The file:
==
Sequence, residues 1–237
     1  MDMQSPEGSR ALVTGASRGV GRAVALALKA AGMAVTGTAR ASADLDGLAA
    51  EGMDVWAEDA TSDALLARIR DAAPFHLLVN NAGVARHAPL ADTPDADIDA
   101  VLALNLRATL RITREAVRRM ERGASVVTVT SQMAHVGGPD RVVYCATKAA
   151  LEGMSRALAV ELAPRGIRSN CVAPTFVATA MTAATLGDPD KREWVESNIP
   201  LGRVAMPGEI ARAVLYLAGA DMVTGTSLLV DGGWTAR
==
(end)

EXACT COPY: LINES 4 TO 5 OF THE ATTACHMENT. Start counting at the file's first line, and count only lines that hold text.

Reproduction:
   101  VLALNLRATL RITREAVRRM ERGASVVTVT SQMAHVGGPD RVVYCATKAA
   151  LEGMSRALAV ELAPRGIRSN CVAPTFVATA MTAATLGDPD KREWVESNIP